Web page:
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South Africa’s MeerKAT solves mystery of ‘X-galaxies’

Read time 3min 40sec
Source: SARAO
Source: SARAO

A team of astronomers from South Africa and the US have used the MeerKAT telescope to solve a longstanding puzzle in ‘X’-shaped radio galaxies.

This is according to the South African Radio Astronomy Observatory (SARAO), a facility of the National Research Foundation, responsible for managing all radio astronomy initiatives and facilities in SA.

Using the MeerKat telescope data, last month an international team of astronomers also uncovered unusual features in the radio galaxy ESO 137-006.

Launched in 2018, the South African MeerKAT radio telescope is a precursor to the Square Kilometre Array (SKA), which aims to answer fundamental astrophysical questions about the nature of objects in the Universe.

The MeerKAT is currently made up of 64 dishes, each 13.5m in diameter. However, it recently received R800 million funding from Germany and SA that will see it get an additional 20 dishes.

SARAO says many galaxies far more active than the Milky Way have enormous twin jets of radio waves extending far into intergalactic space.

It explains that normally these go in opposite directions, coming from a massive black hole at the centre of the galaxy.

However, SARAO says a few are more complicated and appear to have four jets forming an “X” on the sky.

Several possible explanations have been proposed to understand this phenomenon. These include changes in the direction of spin of the black hole at the centre of the galaxy, and associated jets, over millions of years; two black holes each associated with a pair of jets; and material falling back into the galaxy being deflected into different directions forming the other two arms of the “X”.

Exquisite new MeerKAT observations of one such galaxy, PKS 2014-55, strongly favour the latter explanation as they show material “turning the corner” as it flows back towards the host galaxy; the results have just been accepted for publication in the journal Monthly Notices of the Royal Astronomical Society, says SARAO.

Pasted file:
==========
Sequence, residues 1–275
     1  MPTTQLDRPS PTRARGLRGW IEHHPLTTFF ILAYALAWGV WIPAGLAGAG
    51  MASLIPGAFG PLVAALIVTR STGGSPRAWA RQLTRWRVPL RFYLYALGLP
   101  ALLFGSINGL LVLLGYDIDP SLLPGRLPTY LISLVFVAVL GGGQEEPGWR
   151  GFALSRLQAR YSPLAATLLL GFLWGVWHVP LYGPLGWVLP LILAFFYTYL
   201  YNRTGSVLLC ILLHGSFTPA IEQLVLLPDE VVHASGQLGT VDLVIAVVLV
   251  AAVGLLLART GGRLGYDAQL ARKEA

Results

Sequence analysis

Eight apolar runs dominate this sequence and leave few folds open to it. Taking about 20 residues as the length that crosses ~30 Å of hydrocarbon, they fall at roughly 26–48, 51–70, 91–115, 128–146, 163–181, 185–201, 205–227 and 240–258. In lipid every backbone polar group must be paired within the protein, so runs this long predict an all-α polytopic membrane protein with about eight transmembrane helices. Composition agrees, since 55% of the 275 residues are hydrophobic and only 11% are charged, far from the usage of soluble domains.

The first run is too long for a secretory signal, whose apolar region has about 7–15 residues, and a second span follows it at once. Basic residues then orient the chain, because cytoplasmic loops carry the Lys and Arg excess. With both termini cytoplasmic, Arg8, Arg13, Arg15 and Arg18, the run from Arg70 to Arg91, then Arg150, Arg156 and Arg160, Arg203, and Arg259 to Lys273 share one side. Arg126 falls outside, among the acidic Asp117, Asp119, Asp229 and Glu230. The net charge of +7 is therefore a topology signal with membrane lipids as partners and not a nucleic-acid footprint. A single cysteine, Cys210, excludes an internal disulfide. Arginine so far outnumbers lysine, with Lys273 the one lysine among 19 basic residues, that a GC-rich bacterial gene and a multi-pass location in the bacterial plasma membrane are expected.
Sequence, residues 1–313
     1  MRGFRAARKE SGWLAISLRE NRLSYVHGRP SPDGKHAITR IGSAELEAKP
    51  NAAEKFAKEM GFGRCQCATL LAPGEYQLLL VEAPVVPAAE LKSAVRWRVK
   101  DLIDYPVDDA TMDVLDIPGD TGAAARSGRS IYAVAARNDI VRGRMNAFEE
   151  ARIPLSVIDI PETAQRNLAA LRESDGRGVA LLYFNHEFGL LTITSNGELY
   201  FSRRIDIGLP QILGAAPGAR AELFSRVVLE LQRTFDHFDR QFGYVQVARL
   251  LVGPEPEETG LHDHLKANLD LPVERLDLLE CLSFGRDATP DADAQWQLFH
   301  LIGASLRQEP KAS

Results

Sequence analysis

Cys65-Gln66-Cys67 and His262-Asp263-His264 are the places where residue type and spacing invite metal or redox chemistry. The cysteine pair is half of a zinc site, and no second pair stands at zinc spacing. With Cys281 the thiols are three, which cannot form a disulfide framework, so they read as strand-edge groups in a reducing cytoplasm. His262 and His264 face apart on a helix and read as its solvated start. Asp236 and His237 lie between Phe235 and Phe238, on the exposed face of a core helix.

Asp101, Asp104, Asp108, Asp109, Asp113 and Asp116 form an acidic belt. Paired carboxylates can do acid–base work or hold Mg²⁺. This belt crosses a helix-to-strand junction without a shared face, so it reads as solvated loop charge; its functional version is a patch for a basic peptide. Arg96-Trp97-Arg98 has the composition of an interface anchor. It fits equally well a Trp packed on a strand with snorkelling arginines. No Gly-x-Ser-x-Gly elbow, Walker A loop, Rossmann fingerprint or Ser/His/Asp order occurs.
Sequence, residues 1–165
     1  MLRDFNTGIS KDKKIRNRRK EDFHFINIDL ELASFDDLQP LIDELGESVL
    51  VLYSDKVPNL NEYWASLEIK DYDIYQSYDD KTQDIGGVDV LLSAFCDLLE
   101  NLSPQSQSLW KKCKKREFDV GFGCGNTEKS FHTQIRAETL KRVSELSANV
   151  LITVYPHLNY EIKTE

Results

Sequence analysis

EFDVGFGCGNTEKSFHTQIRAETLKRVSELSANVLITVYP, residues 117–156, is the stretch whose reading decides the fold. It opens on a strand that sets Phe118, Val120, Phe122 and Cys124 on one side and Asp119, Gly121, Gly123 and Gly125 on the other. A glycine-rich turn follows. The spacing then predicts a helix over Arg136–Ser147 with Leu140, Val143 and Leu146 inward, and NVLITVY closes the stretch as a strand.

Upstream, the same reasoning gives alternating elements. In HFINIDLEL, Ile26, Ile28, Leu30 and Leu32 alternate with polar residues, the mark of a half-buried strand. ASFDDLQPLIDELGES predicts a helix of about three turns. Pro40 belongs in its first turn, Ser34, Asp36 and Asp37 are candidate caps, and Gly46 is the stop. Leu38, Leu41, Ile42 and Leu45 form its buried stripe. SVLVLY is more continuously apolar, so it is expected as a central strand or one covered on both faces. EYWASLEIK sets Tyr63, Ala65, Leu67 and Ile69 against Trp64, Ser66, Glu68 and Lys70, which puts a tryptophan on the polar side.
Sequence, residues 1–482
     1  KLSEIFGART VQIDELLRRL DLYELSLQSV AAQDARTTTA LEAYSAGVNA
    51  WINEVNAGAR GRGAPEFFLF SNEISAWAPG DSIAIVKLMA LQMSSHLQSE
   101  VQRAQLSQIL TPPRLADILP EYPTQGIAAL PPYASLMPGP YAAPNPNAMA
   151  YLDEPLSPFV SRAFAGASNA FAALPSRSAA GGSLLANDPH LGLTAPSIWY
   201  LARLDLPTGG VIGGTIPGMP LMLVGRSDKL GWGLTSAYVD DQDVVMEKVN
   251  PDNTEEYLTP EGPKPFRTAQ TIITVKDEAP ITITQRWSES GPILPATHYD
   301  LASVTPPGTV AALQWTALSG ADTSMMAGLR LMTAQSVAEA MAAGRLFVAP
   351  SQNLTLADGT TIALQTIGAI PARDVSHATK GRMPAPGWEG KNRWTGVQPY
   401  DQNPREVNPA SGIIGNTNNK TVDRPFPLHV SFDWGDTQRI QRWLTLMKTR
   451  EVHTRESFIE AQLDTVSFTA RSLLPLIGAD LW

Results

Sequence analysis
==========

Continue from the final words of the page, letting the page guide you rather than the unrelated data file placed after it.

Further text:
This work was carried out by a team from SARAO, the US National Radio Astronomy Observatory (NRAO), the University of Pretoria and Rhodes University.

According to SARAO, previous studies of these unusual galaxies lacked the high-quality imaging provided by the recently completed MeerKAT telescope.

This telescope array consists of 64 radio dishes located in the Karoo semi-desert in the Northern Cape province of South Africa.

Computers combined the data from these antennas into a telescope 8km in diameter, and provided images in the radio band of unprecedented quality for PKS 2014-55 which enabled solving the mystery of its shape.

Bernie Fanaroff, former director of the SKA South Africa project that built MeerKAT, and a co-author of the study, notes: “MeerKAT was designed to be the best of its kind in the world. It’s wonderful to see how its unique capabilities are contributing to resolving longstanding questions related to the evolution of galaxies.”

Lead author William Cotton of the NRAO says: “MeerKAT is one of a new generation of instruments whose power solves old puzzles even as it finds new ones – this galaxy shows features never seen before in this detail which are not fully understood.”

SARAO points out that further research into these open questions is already under way.

More about the image

The galaxy PKS 2014-55, located 800 million light years from Earth, is classified as ‘X-shaped’ because of its appearance in previous relatively blurry images. The detail provided in this radio image obtained with the MeerKAT telescope indicates its shape is best described as a ‘double boomerang’.

Two powerful jets of radio waves, indicated in blue, each extend 2.5 million light years into space (comparable to the distance between the Milky Way and the Andromeda galaxy, our nearest major neighbour). Eventually, they are ‘turned back’ by the pressure of tenuous intergalactic gas.

As they flow back towards the central galaxy, they are deflected by its relatively high gas pressure into the shorter, horizontal, arms of the boomerang. The background image shows visible light from myriad galaxies in the distant universe.

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